One of the reasons why try..except is encouraged in Python is because you often can not anticipate all the ways your code may be used, so rather than checking if a specific condition exists, it is more general to just catch any of a certain class of error that might arise. Thus try..except may make your code more reusable.

However, it is also true that try..except is slow if the except clause is often being reached.

Is there a way to code that block so that an exception is not being raised and use try..except to catch the less frequent condition?

Or if not, for the sake of efficiency, you may choose not to use try..except. There are few hard and fast rules in programming. You have to choose your way based on your balance of concerns.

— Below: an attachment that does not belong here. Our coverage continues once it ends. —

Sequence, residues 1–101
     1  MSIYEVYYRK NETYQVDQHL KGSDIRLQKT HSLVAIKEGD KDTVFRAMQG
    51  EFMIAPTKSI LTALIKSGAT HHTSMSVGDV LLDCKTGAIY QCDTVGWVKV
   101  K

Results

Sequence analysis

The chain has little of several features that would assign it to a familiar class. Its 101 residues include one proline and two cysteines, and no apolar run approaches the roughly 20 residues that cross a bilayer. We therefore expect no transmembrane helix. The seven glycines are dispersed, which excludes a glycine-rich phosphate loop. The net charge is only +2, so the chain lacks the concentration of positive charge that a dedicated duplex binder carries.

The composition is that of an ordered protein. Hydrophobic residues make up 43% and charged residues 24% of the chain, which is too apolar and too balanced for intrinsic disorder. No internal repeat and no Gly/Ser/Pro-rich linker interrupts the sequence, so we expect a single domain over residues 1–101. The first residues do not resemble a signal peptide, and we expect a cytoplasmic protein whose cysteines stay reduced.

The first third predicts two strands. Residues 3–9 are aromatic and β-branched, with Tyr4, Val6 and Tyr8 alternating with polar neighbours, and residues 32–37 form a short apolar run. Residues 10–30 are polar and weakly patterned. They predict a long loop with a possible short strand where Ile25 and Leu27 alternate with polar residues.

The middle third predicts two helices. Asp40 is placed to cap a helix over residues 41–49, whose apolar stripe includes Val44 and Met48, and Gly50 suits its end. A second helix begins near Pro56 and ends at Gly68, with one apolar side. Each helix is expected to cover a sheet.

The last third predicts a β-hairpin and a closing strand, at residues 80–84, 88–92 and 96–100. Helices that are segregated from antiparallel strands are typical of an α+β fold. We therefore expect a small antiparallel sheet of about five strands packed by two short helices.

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  • +1 for There are few hard and fast rules in programming. :) – Fredrick Brennan Jan 19 '13 at 20:21
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If you are attempting to optimize this function for speed, you should focus on what is likely to be the actual bottleneck. Your three database queries, each of which will cause the operating system to context switch, almost certainly take an order of magnitude longer than catching an exception. If you want to make the code as fast as possible, begin by combining all three database queries into one:

auth_objects = UserSocialAuth.objects.filter(user=self, provider__in=('facebook', 'foursquare', 'twitter'))